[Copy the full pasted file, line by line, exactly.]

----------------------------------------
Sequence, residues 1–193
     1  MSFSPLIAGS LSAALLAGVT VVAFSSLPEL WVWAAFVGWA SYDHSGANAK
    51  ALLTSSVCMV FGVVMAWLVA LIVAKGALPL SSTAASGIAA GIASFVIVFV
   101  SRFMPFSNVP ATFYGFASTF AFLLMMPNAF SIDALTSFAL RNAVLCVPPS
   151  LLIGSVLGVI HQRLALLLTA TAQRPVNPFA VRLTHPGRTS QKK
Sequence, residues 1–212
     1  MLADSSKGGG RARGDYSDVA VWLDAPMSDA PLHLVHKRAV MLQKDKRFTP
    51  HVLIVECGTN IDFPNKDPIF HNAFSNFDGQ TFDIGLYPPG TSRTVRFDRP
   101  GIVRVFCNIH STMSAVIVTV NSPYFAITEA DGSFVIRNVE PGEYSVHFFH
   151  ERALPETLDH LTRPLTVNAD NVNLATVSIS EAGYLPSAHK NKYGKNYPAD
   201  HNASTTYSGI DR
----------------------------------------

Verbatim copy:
Sequence, residues 1–193
     1  MSFSPLIAGS LSAALLAGVT VVAFSSLPEL WVWAAFVGWA SYDHSGANAK
    51  ALLTSSVCMV FGVVMAWLVA LIVAKGALPL SSTAASGIAA GIASFVIVFV
   101  SRFMPFSNVP ATFYGFASTF AFLLMMPNAF SIDALTSFAL RNAVLCVPPS
   151  LLIGSVLGVI HQRLALLLTA TAQRPVNPFA VRLTHPGRTS QKK
Sequence, residues 1–212
     1  MLADSSKGGG RARGDYSDVA VWLDAPMSDA PLHLVHKRAV MLQKDKRFTP
    51  HVLIVECGTN IDFPNKDPIF HNAFSNFDGQ TFDIGLYPPG TSRTVRFDRP
   101  GIVRVFCNIH STMSAVIVTV NSPYFAITEA DGSFVIRNVE PGEYSVHFFH
   151  ERALPETLDH LTRPLTVNAD NVNLATVSIS EAGYLPSAHK NKYGKNYPAD
   201  HNASTTYSGI DR